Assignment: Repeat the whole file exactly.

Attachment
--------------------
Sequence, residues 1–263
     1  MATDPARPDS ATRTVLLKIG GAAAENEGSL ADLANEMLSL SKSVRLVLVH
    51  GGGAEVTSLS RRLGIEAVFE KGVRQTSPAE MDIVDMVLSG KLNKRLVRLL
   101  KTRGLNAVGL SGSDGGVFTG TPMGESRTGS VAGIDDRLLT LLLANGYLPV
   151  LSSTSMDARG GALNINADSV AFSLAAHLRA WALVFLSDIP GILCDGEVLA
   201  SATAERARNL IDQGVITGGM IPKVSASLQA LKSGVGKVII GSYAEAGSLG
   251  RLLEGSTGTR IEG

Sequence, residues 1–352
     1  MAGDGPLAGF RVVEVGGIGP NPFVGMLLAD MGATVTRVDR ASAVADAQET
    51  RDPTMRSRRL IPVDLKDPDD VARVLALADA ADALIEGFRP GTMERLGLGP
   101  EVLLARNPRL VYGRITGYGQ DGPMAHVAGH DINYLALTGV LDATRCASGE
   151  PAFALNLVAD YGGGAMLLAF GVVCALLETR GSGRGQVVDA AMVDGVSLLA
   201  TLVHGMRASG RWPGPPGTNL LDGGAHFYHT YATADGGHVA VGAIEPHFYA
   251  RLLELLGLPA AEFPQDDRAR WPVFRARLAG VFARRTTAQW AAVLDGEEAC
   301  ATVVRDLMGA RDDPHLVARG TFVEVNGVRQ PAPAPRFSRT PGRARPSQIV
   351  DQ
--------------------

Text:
Sequence, residues 1–263
     1  MATDPARPDS ATRTVLLKIG GAAAENEGSL ADLANEMLSL SKSVRLVLVH
    51  GGGAEVTSLS RRLGIEAVFE KGVRQTSPAE MDIVDMVLSG KLNKRLVRLL
   101  KTRGLNAVGL SGSDGGVFTG TPMGESRTGS VAGIDDRLLT LLLANGYLPV
   151  LSSTSMDARG GALNINADSV AFSLAAHLRA WALVFLSDIP GILCDGEVLA
   201  SATAERARNL IDQGVITGGM IPKVSASLQA LKSGVGKVII GSYAEAGSLG
   251  RLLEGSTGTR IEG

Sequence, residues 1–352
     1  MAGDGPLAGF RVVEVGGIGP NPFVGMLLAD MGATVTRVDR ASAVADAQET
    51  RDPTMRSRRL IPVDLKDPDD VARVLALADA ADALIEGFRP GTMERLGLGP
   101  EVLLARNPRL VYGRITGYGQ DGPMAHVAGH DINYLALTGV LDATRCASGE
   151  PAFALNLVAD YGGGAMLLAF GVVCALLETR GSGRGQVVDA AMVDGVSLLA
   201  TLVHGMRASG RWPGPPGTNL LDGGAHFYHT YATADGGHVA VGAIEPHFYA
   251  RLLELLGLPA AEFPQDDRAR WPVFRARLAG VFARRTTAQW AAVLDGEEAC
   301  ATVVRDLMGA RDDPHLVARG TFVEVNGVRQ PAPAPRFSRT PGRARPSQIV
   351  DQ